Young alumni help to bring health care to a community in Sierra Leone

Raphael Frankfurter ’13 at work in Sierra Leone and Shirley Gao ’13 with a local boy.
Raphael Frankfurter ’13 at work in Sierra Leone and Shirley Gao ’13 with a local boy.
Timothy McGinnis ’13; Courtesy Shirley Gao ’13

At the end of his freshman year, Raphael “Raphi” Frankfurter ’13 interned with Wellbody Alliance, a health-care organization in Sierra Leone that was assisting people desperately in need of medical care, including those who had lost limbs during the country’s 10-year civil war. Moved by what he encountered there, Frankfurter journeyed back to Sierra Leone the following three summers. Today, he is one of three young alumni — along with Shirley Gao ’13 and Timothy McGinnis ’13 — who have continued working with Wellbody after their internships ended. 

Wellbody Alliance was founded in 2006 by physician Dan Kelly ’03, Sierra Leonean physician Mohamed Bailor Barrie, and a small team of Kelly’s friends and family to provide basic health care to residents of post-war Sierra Leone’s Kono District. Since then, it has grown from a nascent NGO to a thriving community health-care organization that treats some 20,000 patients per year through its Kono clinic and is involved in managing care for another 8,000 to 10,000 patients through its community health-worker programs and partnerships with government clinics.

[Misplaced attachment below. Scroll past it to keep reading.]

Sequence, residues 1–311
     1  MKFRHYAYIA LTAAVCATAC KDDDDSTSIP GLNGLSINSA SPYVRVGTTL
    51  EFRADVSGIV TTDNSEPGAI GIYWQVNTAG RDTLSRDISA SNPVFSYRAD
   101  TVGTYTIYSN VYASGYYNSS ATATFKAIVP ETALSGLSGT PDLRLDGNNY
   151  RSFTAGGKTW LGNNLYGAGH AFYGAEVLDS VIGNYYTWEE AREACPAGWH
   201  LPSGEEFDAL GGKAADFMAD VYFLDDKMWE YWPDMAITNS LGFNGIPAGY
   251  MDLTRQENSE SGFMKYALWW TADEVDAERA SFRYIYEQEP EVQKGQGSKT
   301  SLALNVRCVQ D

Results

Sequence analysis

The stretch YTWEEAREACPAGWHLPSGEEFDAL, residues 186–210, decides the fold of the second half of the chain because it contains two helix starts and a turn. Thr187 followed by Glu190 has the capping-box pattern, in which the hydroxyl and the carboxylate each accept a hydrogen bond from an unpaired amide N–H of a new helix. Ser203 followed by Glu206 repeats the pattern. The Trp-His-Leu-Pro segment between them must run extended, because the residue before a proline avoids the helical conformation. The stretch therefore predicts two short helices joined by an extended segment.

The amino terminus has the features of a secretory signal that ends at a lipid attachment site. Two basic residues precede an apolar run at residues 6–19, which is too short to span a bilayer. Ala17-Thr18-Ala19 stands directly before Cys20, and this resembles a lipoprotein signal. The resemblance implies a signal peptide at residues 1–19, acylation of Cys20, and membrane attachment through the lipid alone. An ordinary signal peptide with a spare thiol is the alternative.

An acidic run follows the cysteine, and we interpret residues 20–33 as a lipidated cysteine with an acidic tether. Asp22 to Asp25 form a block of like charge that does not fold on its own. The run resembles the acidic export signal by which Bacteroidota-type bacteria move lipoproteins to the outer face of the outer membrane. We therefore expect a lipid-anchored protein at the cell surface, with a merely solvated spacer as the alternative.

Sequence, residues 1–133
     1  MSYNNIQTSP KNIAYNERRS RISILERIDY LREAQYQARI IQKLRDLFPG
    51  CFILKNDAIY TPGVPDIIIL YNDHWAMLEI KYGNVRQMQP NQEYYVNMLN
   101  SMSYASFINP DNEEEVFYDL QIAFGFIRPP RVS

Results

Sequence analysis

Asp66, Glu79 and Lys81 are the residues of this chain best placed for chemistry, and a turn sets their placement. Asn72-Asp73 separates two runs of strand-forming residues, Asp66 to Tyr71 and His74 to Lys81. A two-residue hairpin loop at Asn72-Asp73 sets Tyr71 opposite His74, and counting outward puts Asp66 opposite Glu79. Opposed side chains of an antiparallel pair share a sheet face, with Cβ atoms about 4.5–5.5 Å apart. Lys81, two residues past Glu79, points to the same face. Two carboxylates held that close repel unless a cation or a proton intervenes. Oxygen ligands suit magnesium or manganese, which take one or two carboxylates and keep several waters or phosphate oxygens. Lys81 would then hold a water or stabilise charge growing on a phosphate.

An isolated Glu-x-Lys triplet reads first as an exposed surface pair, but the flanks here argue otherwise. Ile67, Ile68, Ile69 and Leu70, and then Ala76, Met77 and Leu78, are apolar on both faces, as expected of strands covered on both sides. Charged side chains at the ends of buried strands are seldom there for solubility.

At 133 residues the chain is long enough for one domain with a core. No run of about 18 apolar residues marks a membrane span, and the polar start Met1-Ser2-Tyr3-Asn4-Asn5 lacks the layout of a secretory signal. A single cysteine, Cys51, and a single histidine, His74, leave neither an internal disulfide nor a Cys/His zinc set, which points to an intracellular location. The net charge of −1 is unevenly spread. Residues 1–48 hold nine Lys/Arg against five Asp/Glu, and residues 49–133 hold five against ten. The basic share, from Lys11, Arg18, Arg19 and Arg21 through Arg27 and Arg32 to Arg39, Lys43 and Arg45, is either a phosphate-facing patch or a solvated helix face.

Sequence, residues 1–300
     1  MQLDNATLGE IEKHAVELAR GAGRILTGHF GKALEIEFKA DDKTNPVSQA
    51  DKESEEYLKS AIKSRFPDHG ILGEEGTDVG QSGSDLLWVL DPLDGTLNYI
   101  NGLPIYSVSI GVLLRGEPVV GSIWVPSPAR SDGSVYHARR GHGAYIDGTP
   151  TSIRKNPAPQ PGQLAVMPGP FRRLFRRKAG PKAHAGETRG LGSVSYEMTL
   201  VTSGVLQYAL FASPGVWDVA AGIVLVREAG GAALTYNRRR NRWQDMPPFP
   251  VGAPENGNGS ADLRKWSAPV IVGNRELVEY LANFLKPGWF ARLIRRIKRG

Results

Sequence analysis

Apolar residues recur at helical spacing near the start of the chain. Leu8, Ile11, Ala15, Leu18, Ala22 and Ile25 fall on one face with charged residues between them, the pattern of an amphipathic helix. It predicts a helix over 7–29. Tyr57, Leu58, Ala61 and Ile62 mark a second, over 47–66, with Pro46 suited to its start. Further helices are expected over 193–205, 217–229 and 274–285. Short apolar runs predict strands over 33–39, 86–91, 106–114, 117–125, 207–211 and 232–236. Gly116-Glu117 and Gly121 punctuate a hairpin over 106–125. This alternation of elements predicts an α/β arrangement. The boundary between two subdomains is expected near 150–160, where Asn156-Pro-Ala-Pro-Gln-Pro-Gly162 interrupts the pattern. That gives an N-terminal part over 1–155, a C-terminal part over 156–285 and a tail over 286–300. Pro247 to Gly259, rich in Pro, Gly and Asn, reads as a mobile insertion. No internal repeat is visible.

Timothy McGinnis ’13 gives a young man a lift.
Timothy McGinnis ’13 gives a young man a lift.
Shirley Gao ’13

Frankfurter and Gao — co-winners of the University’s 2013 Henry Richardson Labouisse ’26 Prize — are using their yearlong fellowships to address a number of needs at the clinic, including one of Kono’s major challenges: maternal and child health. The two have spent months planning and fundraising for a new delivery center and obstetrics clinical training site at Wellbody — the first of its kind in eastern Sierra Leone. Groundbreaking will take place this spring. 

Gao will work in Sierra Leone this spring, then head to the organization’s Boston office to work on development initiatives. She plans on a career in the global-health field, drawing on lessons she has learned with Wellbody: “Everyone is treated with dignity and respect. We consider the whole person, not just the illness,” says Gao. 

McGinnis oversees Boston-based interns, writes grant applications, and meets donors and potential partners. He will head to Oxford as a Rhodes scholar next fall.

Frankfurter will spend this spring in Africa overseeing the clinic and its programs, then return to the States to manage development efforts in Boston. He hopes to enter an M.D./Ph.D. program in anthropology, but for now he’s working to help Wellbody become self-sustaining. “I’ve learned a tremendous amount about public health and different models of NGO engagement,” Frankfurter says. “Being on the ground is critical; you can’t effect change without first understanding the context.” 

The dedication of these three young alumni has allowed Wellbody to grow, Kelly says. “They understand Wellbody’s work and are passionate about our mission,” he says. “You can’t teach that.”